"Minecraft is a development tool" Teper told attendees of the UBS Global Technology Conference in Sausalito, Calif., last week. "People build worlds out of it. If we can get eight-year-old girls and boys building worlds and getting inspired by creating content digitally, as they grow up they'll want to create in PowerPoint, or Visual Studio. And in addition to being one of the few gaming franchises that doesn't have to be freemium, Minecraft can actually charge money. It turns out it's a great business with lots of upside." The full transcript of Teper's remarks from November 19 is worth a read.


Six Steps for Developing a Governance Model for Strategic Portfolio Management (Part 1)
In today’s business environment, we have to make decisions quickly to take advantage of such things as market-moving news and events, client requirements, new technology and other factors. In order to do all of this, you need a streamlined, customized approach that works with, and not fights against, your culture and best interests. At the heart of all of this, controlling and driving this process forward is the Governance Model. That’s why I call it the engine room. Without it, portfolio management can’t happen in any structured, purposeful way. So, whether you’re just getting started in portfolio management, or you need to re-think your approach, the Governance Model is where you start.


360 Degree Embedded Analytics: Inside Apps, Inside Processes
These technologies will sit close to Business Intelligence (BI), data integration tools and online analytical processing (OLAP) services – plus we will also focus here on data mining and ‘extract, transform, load’ (ETL) functionalities. In terms of facilitating technologies, let us also remember that Hadoop serves as a central processing hub here where ‘analytics-ready’ data sets can be blended, refined, automatically-modeled and then automatically published directly to analytical databases (like HP Vertica for example) for deeper usage. If this is analytics embedded into the application, then what of analytics embedded into the business processes.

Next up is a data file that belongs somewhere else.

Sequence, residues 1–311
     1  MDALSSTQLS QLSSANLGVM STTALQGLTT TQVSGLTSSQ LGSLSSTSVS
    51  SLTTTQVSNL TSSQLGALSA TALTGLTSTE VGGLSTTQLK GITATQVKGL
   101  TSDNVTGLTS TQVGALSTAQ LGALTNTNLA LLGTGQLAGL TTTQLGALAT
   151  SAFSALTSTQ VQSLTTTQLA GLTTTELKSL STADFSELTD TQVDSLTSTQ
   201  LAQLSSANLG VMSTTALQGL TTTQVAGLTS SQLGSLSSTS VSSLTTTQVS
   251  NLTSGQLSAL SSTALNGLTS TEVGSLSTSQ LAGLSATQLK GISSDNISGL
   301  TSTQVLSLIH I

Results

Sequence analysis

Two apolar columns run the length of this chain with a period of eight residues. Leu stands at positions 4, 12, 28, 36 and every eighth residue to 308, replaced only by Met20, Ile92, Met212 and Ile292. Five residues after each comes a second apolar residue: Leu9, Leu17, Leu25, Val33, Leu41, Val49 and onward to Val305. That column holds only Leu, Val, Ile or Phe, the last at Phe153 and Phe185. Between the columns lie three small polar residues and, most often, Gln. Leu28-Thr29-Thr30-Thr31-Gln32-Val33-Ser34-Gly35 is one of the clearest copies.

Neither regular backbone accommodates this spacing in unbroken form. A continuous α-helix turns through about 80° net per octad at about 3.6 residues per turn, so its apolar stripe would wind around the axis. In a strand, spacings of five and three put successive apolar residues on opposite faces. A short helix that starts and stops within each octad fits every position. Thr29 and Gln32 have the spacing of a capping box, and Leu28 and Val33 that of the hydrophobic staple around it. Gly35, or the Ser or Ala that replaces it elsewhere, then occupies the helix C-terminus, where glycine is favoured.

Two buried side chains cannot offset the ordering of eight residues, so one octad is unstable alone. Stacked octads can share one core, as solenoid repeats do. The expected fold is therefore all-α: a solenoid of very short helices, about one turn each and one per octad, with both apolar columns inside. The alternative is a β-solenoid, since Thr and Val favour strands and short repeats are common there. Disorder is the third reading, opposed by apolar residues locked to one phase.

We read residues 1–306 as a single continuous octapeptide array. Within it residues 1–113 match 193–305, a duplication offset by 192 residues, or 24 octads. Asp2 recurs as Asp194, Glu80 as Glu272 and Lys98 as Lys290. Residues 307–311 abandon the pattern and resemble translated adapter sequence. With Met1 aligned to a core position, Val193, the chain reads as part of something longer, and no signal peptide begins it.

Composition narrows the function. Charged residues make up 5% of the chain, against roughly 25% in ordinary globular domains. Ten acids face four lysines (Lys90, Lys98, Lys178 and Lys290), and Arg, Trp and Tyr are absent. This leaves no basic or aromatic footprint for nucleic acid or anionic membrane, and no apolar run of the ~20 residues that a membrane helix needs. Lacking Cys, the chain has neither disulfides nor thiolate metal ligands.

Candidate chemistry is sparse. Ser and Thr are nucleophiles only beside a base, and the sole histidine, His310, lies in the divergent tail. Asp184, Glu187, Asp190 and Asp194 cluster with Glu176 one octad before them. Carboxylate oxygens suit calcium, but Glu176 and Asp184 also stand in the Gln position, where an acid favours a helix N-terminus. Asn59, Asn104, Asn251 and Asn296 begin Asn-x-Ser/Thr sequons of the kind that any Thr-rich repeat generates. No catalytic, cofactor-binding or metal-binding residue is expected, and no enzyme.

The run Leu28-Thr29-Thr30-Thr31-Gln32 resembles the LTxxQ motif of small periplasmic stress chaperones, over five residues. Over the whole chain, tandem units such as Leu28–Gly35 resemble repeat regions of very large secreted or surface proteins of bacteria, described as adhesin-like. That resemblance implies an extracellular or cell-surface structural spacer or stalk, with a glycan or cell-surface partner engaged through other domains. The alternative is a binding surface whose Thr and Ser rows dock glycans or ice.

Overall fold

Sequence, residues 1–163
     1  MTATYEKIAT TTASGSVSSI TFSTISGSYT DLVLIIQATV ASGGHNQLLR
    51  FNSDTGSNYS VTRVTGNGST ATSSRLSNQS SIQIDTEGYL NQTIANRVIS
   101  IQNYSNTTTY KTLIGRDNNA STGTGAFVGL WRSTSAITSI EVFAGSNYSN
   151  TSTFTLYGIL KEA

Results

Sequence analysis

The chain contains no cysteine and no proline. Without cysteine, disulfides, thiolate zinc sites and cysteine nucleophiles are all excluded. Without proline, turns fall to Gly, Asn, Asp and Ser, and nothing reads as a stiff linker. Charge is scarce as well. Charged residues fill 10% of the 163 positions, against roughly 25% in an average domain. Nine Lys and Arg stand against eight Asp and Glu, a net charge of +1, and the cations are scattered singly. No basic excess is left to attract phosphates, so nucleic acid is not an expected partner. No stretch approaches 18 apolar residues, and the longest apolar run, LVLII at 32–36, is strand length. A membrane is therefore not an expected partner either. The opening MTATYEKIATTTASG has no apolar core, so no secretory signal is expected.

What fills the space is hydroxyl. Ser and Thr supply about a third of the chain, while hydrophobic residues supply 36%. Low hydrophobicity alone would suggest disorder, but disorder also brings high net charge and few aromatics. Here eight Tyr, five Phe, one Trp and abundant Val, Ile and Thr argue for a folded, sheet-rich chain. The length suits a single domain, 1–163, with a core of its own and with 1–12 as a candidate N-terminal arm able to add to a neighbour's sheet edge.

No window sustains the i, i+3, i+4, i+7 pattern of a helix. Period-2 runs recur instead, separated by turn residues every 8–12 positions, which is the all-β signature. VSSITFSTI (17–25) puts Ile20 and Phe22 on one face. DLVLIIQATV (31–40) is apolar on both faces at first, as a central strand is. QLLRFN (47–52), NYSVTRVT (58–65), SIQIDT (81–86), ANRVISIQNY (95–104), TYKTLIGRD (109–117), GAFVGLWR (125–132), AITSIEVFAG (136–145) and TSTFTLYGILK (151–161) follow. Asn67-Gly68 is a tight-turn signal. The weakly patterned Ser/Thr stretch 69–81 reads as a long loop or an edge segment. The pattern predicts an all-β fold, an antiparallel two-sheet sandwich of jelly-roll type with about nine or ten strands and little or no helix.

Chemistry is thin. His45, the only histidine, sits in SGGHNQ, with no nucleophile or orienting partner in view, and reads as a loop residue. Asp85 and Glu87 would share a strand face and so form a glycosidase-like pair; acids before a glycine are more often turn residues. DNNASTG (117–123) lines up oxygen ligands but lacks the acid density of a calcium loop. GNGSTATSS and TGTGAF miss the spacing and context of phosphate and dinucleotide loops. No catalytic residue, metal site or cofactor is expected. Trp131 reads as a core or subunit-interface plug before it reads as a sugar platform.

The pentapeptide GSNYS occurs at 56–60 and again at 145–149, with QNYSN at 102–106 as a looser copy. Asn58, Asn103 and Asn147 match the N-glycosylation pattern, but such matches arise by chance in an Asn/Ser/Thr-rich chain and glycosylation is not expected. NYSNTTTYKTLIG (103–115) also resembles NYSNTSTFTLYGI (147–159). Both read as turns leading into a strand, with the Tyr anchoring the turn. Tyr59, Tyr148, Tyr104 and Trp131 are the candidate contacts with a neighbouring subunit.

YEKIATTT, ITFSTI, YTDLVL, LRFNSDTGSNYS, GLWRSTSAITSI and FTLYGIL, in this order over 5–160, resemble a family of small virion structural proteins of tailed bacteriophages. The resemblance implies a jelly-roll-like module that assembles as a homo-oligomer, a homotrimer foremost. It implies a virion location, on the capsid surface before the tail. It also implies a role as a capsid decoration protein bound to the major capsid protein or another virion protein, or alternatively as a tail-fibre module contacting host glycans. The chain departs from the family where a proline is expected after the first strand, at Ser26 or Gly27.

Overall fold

How to Improve Teamwork in Your Agile Team
Presenting this pyramid to the team could be the second exercise. Based on my experience, most of the team members will identify at least one problem from the pyramid. Visualizing this will make them think a bit about the status quo situation while realizing that much is required to be done in order to have a great team. I think one hour should be enough to familiarise the team with the pyramid and to answer all their questions. Since the base of the pyramid forms from an Absence of Trust, I will focus on an exercise for improving this specific aspect. My team tried this exercise some weeks ago. Clearly, we had problems in the team and lack of trust was one of them.


Conversation Patterns for Software Professionals.
Years of experience in the industry have shown us that the best way to get concrete and detailed knowledge from the business is to structure it. Structuring can be defined as organizing the acquired knowledge according to predetermined criteria, for example: functional requirements, non-functional requirements, domain-specific rules, architecture and implementation limitations. Such an ordered collection of information is a checklist for those who collect it and it helps them answer the following questions - What do I already know? What else do I need to know? What do I have to specify?



Quote for the day:

"Nothing great was ever achieved without enthusiasm." -- Ralph Waldo Emerson